So, to no longer assume, I decided to make a small test bed and just try it out. I gathered APs of different vendors and software from my lab that I currently have a license for, and this was the result:
- Cisco C9105AXI running with C9800-CL Controller 17.9.3
- Mikrotik mAP lite running RouterOS v6.47.10
- Ubiquiti UniFi6 Enterprise running 6.5.62
- Cisco CW9166I running with Meraki MR 30.5
I configured the SSIDs the same on all APs - 3 SSIDs, named “Now you”, “See me”, and “Now you don’t”. The third one would be the “hidden” one. I chose two visible SSIDs, to see at least two probe responses.
As an example, how the config looked in Meraki:
I checked that the SSIDs were broadcasting (or not) as expected using WiFi Explorer Pro, here as an example the Mikrotik AP:
Now, with my testbed configured, I can go on and try. This means in this case to just capture frames of Probe Requests and Probe Responses. I captured it on my MacBook using AirTool and triggered Probe Requests with my iPhone, just opening the Wi-Fi settings.
I did cut out irrelevant stuff to just leave one set of beacons before and after the probes.
These are my results:
Cisco on 9800 Controller
We can see clearly that the “hidden” SSID gets its own beacon frame, leaving the SSID name blank (wildcard) in frame 3. Frame 4 is the wildcard Probe Request from my iPhone, which is followed by 2 (two) Probe Responses for the “visible” SSIDs, and acknowledged by my iPhone. After that, the AP returns to beaconing.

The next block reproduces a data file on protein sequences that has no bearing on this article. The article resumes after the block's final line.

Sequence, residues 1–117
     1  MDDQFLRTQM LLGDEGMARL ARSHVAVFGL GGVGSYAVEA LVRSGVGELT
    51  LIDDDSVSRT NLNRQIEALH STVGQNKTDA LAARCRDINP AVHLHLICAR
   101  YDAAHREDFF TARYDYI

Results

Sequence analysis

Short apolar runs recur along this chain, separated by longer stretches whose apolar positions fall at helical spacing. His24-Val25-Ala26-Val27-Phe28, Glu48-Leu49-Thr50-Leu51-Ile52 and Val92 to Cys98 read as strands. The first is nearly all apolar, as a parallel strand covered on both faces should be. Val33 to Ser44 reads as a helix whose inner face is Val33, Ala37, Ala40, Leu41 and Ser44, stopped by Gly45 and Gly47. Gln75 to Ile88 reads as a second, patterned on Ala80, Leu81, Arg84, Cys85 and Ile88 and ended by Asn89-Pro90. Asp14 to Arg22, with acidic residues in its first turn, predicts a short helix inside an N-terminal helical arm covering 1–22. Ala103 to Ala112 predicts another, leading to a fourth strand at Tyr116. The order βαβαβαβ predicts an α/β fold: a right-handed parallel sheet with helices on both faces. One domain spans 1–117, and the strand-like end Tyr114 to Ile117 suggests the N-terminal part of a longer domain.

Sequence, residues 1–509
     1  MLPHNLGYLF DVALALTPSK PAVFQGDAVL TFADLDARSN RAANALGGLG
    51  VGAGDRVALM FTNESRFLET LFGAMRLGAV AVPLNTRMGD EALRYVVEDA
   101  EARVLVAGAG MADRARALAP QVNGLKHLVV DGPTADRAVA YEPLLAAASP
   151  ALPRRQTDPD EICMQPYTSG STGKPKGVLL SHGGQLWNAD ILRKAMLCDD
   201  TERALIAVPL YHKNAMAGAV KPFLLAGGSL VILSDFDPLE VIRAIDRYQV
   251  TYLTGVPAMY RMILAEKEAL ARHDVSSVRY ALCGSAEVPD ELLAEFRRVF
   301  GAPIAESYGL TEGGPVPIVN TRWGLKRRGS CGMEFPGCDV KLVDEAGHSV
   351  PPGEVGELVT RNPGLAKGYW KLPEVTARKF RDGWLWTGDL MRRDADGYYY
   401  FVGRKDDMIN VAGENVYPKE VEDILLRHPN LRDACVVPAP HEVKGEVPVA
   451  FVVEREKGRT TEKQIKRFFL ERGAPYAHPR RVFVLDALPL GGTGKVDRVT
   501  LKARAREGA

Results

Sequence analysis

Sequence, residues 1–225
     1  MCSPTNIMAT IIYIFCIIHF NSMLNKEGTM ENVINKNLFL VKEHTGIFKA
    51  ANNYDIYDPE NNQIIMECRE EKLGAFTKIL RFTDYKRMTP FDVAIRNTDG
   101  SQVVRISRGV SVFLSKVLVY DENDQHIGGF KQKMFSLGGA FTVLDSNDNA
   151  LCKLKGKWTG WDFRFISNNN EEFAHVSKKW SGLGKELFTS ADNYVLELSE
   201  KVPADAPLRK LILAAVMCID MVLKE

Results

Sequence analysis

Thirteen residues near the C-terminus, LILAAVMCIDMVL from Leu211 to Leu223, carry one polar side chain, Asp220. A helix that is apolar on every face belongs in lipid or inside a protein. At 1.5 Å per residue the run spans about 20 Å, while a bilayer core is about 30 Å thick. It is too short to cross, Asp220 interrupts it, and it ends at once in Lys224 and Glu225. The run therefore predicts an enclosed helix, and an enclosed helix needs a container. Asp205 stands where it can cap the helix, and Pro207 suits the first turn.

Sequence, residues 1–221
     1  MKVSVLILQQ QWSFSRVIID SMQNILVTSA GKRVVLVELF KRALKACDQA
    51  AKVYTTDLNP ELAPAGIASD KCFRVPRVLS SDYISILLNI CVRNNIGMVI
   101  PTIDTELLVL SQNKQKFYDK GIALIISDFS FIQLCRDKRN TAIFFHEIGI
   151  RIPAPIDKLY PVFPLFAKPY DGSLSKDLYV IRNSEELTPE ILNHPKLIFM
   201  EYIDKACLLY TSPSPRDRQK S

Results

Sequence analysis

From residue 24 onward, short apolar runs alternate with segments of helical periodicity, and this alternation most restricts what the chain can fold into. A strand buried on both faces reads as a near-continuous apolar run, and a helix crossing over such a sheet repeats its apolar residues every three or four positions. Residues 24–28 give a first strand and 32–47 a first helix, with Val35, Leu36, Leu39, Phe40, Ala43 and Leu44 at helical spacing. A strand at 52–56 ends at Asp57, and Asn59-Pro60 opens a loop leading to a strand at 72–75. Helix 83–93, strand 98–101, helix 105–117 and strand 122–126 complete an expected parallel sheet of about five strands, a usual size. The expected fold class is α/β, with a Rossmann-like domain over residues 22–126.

So Cisco APs on 9800 Controllers do not send responses for hidden SSIDs on wildcard probes.
This looks essentially the same as the Cisco AP. The only funny difference is that the responses are the other way around than in the beacons.
So Mikrotik APs also do not send responses for hidden SSIDs on wildcard probe requests.
We do have some differences with UniFi, as there is a second hidden SSID here. This has not been configured and is just part of Ubiquitis meshing and we can ignore it. Other than that, this is just more of the same - the hidden SSID gets a beacon, but not a probe response.
This actually looks more like the Ubiquiti capture than the Cisco capture, as Meraki also uses a hidden SSID for their meshing. But to answer the original question: Meraki does it as the other candidates and does not send probe responses for hidden SSIDs as an answer to wildcard probe requests.
Thanks to Karsten Iwen, I got a capture using my SSID examples from a Juniper Mist AP (SW Version 0.12.27139).
What stands out here is that the beacon of the hidden SSID is zeroed out - Mist seems to set UTF Nulls on hidden SSIDs, which seems to work - it is displayed as “hidden” in Wi-Fi Explorer. But the outcome to our question remains the same - no probe response for the hidden SSID.
So using the hardware (and licenses) that I had in my lab, I could not see the probe response I was looking for. Given the different manufacturers, I would be surprised if one of the major vendors would do it, but I would be happy to hear your experience with Aruba for example.
While the correct answer to the original question “Does a hidden SSID generate a probe response to a wildcard probe (‘null’) request?” would be the classic “It depends!”, it seems that “probably not” does seem to be a more valid answer.